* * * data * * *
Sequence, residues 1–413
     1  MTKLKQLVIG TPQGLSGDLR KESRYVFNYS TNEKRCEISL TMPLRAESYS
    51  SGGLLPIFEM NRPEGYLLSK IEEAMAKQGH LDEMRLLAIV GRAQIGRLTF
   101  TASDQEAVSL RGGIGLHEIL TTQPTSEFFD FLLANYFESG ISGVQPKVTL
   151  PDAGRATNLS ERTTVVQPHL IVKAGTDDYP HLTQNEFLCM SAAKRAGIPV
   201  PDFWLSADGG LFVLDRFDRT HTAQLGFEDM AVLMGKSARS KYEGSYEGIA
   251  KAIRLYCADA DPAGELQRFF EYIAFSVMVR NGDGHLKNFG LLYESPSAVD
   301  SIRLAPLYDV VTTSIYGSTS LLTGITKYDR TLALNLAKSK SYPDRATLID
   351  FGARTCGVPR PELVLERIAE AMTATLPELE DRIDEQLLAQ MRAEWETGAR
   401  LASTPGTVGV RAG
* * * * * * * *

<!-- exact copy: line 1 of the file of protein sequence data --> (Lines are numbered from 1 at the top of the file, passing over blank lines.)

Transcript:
Sequence, residues 1–413